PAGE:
We’ve been a husband/wife small business for some 40 yrs with a variety of “businesses” as a Husband/Wife Sole Proprietorship. I keep it simple and straighforward for the IRS and my own sanity. We don’t have a separate bank account or credit card or such. It doesn’t make sense in our case. But I do keep an accurate and clean record of business expenses and income. It’s easy with a simple computer program or spreadsheet (I still have and use my favorite – DOS Quicken!) (I’m not a fan of upgrades). In the early years it was pen and a notebook. That worked. It doesn’t have to be complicated. I just file a Schedule C with our regular income tax, putting expenses in whatever category seems to make the most sense to me (or in your case it would be Schedule F for farming). Of course, farming may have more complicated rules. But starting out (or even 40 yrs later!) it’s nice if the paperwork doesn’t overwhelm the why you are in that business to start with.

Being in the Arts, and living where driving long distances is a given, our IRS bottom line on paper is seldom in the Profit area and we’ve never heard anything from them. We’re pretty small potatoes really. But I’ve never read any rule that says you have to declare every expense so it’s pretty easy to show a profit now and then. And hopefully you’ll even have a REAL profit! For us the only thing that really matters is if we’re enjoying what we’re doing and having fun. And I think you have that area covered.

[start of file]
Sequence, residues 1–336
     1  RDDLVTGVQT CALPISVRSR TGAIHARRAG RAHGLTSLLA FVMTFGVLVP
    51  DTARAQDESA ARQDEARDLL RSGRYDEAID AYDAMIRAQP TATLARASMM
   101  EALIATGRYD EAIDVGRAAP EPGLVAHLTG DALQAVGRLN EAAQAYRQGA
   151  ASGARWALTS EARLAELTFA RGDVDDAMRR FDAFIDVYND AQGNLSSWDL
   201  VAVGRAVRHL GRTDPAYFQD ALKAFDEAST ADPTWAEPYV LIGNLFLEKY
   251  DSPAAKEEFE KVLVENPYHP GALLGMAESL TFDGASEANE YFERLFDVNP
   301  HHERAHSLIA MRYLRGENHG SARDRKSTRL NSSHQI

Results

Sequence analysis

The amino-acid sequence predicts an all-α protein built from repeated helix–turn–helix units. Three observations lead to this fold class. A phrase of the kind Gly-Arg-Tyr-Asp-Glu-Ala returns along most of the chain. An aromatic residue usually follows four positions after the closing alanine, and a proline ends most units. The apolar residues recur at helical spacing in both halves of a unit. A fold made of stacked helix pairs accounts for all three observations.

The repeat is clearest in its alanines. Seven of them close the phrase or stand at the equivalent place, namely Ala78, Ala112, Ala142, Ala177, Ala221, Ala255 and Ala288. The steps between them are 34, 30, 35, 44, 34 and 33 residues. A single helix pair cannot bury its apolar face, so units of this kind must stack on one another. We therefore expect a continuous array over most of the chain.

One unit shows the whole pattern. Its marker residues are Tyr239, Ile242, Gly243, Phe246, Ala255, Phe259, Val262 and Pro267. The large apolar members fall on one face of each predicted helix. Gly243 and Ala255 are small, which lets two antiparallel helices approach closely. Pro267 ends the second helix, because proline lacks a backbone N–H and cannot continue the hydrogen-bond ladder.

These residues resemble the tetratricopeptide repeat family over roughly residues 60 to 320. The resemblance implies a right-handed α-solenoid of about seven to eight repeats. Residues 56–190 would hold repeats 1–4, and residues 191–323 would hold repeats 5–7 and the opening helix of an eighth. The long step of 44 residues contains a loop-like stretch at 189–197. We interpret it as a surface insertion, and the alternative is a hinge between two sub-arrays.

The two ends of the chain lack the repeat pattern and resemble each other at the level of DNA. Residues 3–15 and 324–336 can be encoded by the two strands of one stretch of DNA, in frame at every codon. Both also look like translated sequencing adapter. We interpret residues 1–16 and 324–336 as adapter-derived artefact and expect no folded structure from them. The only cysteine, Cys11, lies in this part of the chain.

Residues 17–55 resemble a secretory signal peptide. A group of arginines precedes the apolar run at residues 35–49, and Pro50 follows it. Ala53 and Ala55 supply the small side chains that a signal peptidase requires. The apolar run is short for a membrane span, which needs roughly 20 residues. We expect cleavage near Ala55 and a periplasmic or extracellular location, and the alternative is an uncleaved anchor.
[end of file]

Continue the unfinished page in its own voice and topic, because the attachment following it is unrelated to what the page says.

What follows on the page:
Sounds like a wonderful plan and I’m looking forward to hearing how it evolves. Especially since it has been put forth to me that when all the trees, bushes, plants that have been finding their way into my orchard finally come into bearing that it will be an awfully lot of fruit for two people and a cat. Good luck with yours! Sue


Check with your local extension office, they can point you in the right direction. In NY our Cooperative Extensions are run by Cornell University. You can find a lot of support through them including Fiscal record keeping books, journals, accounting record keeping layouts, et. al. They also have a lot of information on marketing your product, support for ag issues including soil needs, plant nutrition, pest and disease, irrigation, etc. Depending on what you decide to grow, you may have an extension expert assigned to come to your site to review needs and recommendations, or more than one depending on their expertise.


i have been talking to the extension service. its run by the University of Maine system here. the lady i talked to sent me a packet of very useful info. i also plan to go to several seminars on berry production put on by them this spring.

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thank you for the info. im learning a lot from you folks. i will post on here how it comes along.

i will looking into the product liability insurance. id like to do jams with excess fruit as another product option to fresh fruit but then state inspectors get involved and this state is pretty strict. ill have to look into this in more detail.

moose71…you could always go with “packed by” some other party (who has a license)….and still sell under your name I suspect. I know you can in some states, anyhow. I am thinking it is Federal rule that allows that.

Do cats really eat fruit? Okay I learned something new. I thought cats are hypercarnivores.